CLEVELAND -- Baseball has changed, but Michael Brantley's swing has not. As strikeout rates have soared to historic heights, the Indians' veteran outfielder has become a kind of renaissance man in the batter's box.Throughout his career, Brantley has defied the Major League-wide trends of plummeting contact rate and increasing strikeout
CLEVELAND -- Baseball has changed, but Michael Brantley's swing has not. As strikeout rates have soared to historic heights, the Indians' veteran outfielder has become a kind of renaissance man in the batter's box.
Throughout his career, Brantley has defied the Major League-wide trends of plummeting contact rate and increasing strikeout percentage among hitters. Through his first dozen games this season, Brantley led baseball with a 97.3 percent contact rate (minimum 50 plate appearances).
"We're just in a different day and age now," Brantley said on Tuesday. "Computers and stuff are telling us different things. Everybody wants to talk about launch angle. It's just a different time. I don't know how to explain it -- the evolution. I just know what's been successful for me in the past and what's worked for me in the past, and I don't want to change.
"I had success doing it my way, and I'll continue to do it my way. That's hitting line drives and getting the barrel to the ball as consistent as possible. It's something I pride myself on, and I will continue to do it."
MLB's league-wide contact rate has dropped to 76.5 percent this year (through Monday's games) from 80.5 percent in 2009. The league's strikeout percentage has climbed accordingly to 22.9 percent this year, compared to 18 percent when Brantley broke into the Majors in '09. For his career, Brantley had a 91.3 percent contact rate and a 10.8 percent strikeout rate entering Tuesday.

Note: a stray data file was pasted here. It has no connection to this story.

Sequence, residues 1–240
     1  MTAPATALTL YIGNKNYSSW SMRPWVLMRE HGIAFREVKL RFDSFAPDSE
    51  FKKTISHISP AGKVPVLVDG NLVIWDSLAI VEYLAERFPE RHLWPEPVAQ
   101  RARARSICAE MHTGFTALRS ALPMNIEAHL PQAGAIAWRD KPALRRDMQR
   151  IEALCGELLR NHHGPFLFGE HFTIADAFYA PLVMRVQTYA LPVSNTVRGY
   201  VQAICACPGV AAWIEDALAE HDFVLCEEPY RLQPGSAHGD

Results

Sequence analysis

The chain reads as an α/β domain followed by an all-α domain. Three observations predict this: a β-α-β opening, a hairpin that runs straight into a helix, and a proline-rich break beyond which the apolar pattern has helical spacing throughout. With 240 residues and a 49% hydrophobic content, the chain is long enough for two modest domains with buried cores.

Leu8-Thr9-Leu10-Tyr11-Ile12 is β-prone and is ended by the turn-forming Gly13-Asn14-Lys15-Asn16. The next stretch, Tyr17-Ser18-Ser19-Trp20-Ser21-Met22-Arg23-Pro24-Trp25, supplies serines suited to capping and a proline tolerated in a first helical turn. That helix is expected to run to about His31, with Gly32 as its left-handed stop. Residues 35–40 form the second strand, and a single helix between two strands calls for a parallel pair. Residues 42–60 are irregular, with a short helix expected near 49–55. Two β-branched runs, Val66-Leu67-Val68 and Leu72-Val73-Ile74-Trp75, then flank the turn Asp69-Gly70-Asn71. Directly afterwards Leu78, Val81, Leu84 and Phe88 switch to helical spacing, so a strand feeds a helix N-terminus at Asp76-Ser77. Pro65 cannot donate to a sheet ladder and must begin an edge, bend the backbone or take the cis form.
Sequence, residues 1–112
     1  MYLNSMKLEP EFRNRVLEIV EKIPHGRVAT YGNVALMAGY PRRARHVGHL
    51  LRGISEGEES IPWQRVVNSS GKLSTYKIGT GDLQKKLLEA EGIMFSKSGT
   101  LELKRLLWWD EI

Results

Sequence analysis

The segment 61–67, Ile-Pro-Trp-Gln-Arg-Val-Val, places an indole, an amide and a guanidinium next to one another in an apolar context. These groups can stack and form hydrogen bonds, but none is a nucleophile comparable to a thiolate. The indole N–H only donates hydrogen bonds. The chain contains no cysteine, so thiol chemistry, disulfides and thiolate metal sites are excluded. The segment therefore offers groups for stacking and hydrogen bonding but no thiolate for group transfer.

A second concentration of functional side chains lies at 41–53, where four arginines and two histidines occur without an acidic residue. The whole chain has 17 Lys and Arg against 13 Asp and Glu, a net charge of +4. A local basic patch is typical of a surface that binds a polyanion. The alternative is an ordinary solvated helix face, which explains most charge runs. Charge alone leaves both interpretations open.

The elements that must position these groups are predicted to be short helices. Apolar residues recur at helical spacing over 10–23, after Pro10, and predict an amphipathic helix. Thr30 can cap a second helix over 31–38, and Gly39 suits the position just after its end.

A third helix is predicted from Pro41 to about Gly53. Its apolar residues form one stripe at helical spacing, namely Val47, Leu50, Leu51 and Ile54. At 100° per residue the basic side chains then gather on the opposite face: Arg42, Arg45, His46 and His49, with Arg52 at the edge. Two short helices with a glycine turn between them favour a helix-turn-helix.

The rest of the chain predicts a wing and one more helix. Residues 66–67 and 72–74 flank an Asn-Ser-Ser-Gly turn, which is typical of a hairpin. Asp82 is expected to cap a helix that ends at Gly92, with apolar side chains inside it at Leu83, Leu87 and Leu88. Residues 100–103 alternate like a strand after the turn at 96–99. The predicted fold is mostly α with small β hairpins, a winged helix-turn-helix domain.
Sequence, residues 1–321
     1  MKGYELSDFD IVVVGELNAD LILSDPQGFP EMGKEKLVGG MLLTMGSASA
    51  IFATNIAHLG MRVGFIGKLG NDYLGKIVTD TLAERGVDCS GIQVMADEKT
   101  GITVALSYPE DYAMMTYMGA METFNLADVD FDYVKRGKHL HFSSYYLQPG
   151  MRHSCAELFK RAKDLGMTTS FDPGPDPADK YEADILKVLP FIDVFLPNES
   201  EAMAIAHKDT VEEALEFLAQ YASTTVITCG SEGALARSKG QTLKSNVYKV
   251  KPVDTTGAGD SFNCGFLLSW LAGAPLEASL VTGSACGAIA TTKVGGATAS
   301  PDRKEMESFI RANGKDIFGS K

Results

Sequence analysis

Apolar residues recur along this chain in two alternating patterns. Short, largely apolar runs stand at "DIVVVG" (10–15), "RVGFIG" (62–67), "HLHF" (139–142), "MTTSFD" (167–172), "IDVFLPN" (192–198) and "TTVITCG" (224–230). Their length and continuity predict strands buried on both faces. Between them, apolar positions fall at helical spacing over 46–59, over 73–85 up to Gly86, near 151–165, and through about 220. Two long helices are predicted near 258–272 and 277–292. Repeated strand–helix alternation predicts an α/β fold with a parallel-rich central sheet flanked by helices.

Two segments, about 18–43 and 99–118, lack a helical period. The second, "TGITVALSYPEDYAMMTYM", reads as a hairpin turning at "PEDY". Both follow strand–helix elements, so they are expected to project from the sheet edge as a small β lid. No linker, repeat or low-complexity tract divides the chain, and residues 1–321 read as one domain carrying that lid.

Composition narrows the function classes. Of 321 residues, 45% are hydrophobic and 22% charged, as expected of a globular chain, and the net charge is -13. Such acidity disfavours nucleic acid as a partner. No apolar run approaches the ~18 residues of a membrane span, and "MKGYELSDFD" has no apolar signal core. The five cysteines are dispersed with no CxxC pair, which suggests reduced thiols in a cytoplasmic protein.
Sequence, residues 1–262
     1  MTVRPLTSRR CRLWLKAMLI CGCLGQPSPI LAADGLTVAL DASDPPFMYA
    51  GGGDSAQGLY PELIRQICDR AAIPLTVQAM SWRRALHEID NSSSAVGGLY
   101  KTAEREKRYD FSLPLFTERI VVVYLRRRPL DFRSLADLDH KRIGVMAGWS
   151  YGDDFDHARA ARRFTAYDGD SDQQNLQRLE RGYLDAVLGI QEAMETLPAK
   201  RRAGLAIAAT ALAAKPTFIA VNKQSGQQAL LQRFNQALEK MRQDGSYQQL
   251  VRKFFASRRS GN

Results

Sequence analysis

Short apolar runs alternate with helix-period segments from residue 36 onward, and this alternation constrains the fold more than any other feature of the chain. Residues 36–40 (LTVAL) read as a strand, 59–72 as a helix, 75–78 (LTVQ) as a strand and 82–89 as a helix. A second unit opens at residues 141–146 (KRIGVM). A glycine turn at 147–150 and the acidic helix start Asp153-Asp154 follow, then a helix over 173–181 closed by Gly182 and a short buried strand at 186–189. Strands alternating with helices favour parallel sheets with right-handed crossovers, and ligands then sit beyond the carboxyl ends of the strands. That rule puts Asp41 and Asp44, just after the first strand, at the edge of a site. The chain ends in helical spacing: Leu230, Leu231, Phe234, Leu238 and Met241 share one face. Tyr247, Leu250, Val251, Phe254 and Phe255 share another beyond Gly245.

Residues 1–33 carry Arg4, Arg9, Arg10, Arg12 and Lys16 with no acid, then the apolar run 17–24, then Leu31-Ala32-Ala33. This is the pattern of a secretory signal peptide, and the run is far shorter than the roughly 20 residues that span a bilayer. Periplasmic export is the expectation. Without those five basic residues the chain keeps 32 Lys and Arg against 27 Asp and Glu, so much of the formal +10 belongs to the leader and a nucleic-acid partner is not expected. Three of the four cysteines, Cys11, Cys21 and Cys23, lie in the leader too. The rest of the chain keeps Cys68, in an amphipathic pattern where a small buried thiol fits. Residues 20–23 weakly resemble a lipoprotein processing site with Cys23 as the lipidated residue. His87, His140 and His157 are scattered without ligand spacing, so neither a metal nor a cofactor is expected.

Brantley, who received a scheduled day off from starting for Tuesday's game against the Cubs, was batting .320/.346/.460 through 12 games. The All-Star left fielder had only three strikeouts in his 52 plate appearances, which equates to a 5.8 percent strikeout rate. Heading into Tuesday, that ranked third overall in baseball (minimum 50 plate appearances). Brantley's teammate, Jose Ramirez, ranked fifth at 6.7 percent.
"[Brantley] and Josey kind of stick out," Indians manager Terry Francona said. "Maybe it's because I'm older, but I like it. Just the idea of making adjustments with two strikes and taking what the other team gives you, hitting the ball the other way, I really do like that."
• MLB.com confirmed on Monday night that the Indians have reached an agreement on a Minor League contract with veteran outfielder Melky Cabrera, pending a physical. Francona declined to comment on the deal on Tuesday, given that there were still steps to complete in the signing process.
"I know it's out there," Francona said. "Until things are official, I need to stay away from it. There will be a time for that. It was on the internet, though, so it must be true."
• This marks the Cubs' first trip to Progressive Field since defeating the Indians in Game 7 of the 2016 World Series. Francona downplayed the significance of Chicago's visit to Cleveland.
"It's April. It was two years ago," Francona said. "Maybe for the fans, it will be a little more cool or something. I think under different circumstances -- if it was September or something -- but, no, I think it's more just baseball."
• Infielder Gio Urshela (10-day disabled list), who continues to work his way back from a right hamstring injury, went 1-for-4 with a double on Monday in his sixth Minor League rehab appearance for Triple-A Columbus.
Jordan Bastian has covered the Indians for MLB.com since 2011, and previously covered the Blue Jays from 2006-10. Read his blog, Major League Bastian, follow him on Twitter @MLBastian and Facebook.